Print Mindset vs. Internet Mindset: Do You Link? Do You Credit Sources?
from the fight-for-the-digital-ages dept
We recently wrote about how the NY Post was caught taking a blogger’s story and rewriting it for itself — noting the hypocrisy of a News Corp. newspaper copying from someone else, after Rupert Murdoch and his top execs have been going around decrying various news aggregators (and Google especially) for “stealing” from News Corp. newspapers. It’s even more ridiculous when you think about it — because the “stealing” that Rupert is upset about is Google linking to the original story — a step that his NY Post writer couldn’t even be bothered to do.
Of course, as a few people pointed out in the comments, this sort of “re-reporting” is quite common in the traditional news business. You see it all the time in newspapers, magazines and broadcast TV. They take a story that was found somewhere else and just “re-report” it, so that they have their own version of it. That this is incredibly inefficient and a total waste of reporters’ resources never seems to be considered. But it’s a very traditional reporting mindset.
But sometimes that leads to trouble. Felix Salmon has an excellent discussion going about how the recent NY Times plagiarism “scandal” really came about because of this mindset. First, he notes that the “reason” that reporter Zachary Kouwe gave for plagiarizing a variety of stories on his NY Times blog, was that he saw the stories elsewhere and wanted to re-report them and “in the essence of speed” clearly cut some corners in his re-reporting. But, as Salmon notes, this is a traditional reporting mindset. An internet blogging mindset would just see this story, and in the “essence of speed” link to it:
If there’s a minor news story on a trustworthy wire service, and you think you need it on the blog, then link to it. You add no value by rushing — with “essence of speed”, no less — to get the exact same story yourself. You’re a well-paid full-time journalist at the New York Times; there are surely higher and better uses of your valuable time than going back to rewrite a story which already exists elsewhere.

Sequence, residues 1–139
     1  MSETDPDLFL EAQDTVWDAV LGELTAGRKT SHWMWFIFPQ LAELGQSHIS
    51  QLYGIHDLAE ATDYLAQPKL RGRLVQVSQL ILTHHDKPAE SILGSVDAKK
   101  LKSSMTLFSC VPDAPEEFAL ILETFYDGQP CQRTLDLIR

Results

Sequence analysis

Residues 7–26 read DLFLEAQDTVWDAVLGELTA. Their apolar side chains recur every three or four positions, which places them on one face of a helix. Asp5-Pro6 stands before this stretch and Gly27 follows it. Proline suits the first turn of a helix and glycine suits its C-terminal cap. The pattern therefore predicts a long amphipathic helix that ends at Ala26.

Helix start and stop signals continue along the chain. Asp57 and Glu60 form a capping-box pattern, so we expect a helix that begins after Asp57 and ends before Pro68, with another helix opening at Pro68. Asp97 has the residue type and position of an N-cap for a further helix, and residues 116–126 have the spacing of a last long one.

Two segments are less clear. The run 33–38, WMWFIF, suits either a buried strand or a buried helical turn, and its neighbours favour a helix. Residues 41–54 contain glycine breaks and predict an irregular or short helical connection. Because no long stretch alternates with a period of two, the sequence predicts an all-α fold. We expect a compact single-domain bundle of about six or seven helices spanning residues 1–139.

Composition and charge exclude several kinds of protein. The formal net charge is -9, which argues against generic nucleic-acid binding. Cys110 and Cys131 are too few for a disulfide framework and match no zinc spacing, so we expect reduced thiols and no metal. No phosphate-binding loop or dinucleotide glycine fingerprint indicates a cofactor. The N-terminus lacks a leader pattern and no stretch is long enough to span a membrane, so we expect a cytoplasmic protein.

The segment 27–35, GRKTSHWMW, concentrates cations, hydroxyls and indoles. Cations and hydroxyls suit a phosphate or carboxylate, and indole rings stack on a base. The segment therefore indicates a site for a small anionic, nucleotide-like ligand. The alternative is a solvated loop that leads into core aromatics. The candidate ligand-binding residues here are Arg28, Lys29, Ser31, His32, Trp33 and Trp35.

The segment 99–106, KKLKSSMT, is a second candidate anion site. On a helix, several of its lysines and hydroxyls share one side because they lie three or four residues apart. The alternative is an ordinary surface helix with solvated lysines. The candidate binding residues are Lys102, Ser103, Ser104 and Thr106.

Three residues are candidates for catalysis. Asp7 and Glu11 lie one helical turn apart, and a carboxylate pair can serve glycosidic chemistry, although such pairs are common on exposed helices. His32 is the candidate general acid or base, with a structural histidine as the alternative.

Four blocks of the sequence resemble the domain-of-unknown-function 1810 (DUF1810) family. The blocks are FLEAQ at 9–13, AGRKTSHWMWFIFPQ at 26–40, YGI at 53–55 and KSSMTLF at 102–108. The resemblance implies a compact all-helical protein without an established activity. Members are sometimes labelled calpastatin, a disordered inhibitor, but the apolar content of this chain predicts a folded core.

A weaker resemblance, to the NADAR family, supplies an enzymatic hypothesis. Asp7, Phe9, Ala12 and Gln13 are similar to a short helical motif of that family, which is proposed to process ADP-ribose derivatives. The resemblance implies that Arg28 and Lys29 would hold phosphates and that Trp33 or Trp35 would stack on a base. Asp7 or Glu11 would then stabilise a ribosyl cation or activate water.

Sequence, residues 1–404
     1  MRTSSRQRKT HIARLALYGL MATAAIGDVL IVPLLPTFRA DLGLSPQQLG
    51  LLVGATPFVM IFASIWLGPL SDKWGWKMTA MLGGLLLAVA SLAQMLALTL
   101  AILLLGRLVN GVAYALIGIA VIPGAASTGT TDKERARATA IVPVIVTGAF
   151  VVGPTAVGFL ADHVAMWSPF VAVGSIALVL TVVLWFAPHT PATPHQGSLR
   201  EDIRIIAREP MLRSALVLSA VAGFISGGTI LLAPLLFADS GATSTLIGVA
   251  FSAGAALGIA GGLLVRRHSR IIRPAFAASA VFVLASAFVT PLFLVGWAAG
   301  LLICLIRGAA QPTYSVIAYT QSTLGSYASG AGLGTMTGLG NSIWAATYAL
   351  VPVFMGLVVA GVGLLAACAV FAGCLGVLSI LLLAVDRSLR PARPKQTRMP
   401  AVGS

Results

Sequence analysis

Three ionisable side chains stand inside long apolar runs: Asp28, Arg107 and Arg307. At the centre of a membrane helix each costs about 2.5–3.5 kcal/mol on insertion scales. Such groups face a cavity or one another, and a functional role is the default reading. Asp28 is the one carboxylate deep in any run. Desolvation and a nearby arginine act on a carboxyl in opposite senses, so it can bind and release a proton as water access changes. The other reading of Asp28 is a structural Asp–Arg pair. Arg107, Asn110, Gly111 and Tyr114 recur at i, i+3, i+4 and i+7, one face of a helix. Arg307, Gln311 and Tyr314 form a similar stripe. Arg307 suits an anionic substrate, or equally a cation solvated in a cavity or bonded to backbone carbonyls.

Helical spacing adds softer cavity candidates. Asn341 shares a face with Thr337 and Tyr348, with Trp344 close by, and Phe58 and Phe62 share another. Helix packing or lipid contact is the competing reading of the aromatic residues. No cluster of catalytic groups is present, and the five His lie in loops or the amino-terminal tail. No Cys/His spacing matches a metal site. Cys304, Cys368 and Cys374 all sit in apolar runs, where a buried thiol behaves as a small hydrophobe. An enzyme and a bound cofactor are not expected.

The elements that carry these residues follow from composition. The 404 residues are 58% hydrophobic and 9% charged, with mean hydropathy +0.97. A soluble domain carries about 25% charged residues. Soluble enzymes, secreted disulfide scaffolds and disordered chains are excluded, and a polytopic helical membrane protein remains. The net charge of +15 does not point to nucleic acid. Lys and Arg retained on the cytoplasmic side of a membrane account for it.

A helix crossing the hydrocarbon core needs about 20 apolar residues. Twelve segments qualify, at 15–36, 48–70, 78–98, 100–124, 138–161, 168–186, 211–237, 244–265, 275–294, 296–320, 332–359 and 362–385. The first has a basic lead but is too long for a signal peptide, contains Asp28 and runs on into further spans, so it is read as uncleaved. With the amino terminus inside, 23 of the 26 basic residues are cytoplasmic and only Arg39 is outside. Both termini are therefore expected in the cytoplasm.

The sin that resulted in Kouwe’s departure from the NYT was that he rewrote badly, and left large chunks of other people’s work unchanged in his own copy. But the true underlying sin was that he spent so much time rewriting in the first place: the beauty of blogs, which exist to link elsewhere, is that he should never have needed to do that at all.
Salmon goes on to point out that the big newspapers, like the NY Times and the Wall Street Journal, keep putting traditional reporters in charge of their blogs (not always, but quite frequently), and they blog like reporters, rather than digital natives. That is, they re-report stuff, rather than linking. And that’s often because traditional reporters lived by the “scoop” and the idea that they had to be first. Acknowledging that someone else got the story first is seen as an admission of failure. But in the blogging world, it’s seen as a sign of respect and of gratitude. But it’s difficult for those who’ve lived in that first world to get their heads wrapped around this.
We recently wrote about the important role of curation in journalism — which includes the ability to link to other stories, and add value to those stories (whether by fact checking or commentary or discussion). But too many traditional newspapers still have no interest in that kind of journalism, even as greater and greater numbers of their readers are actively seeking it out.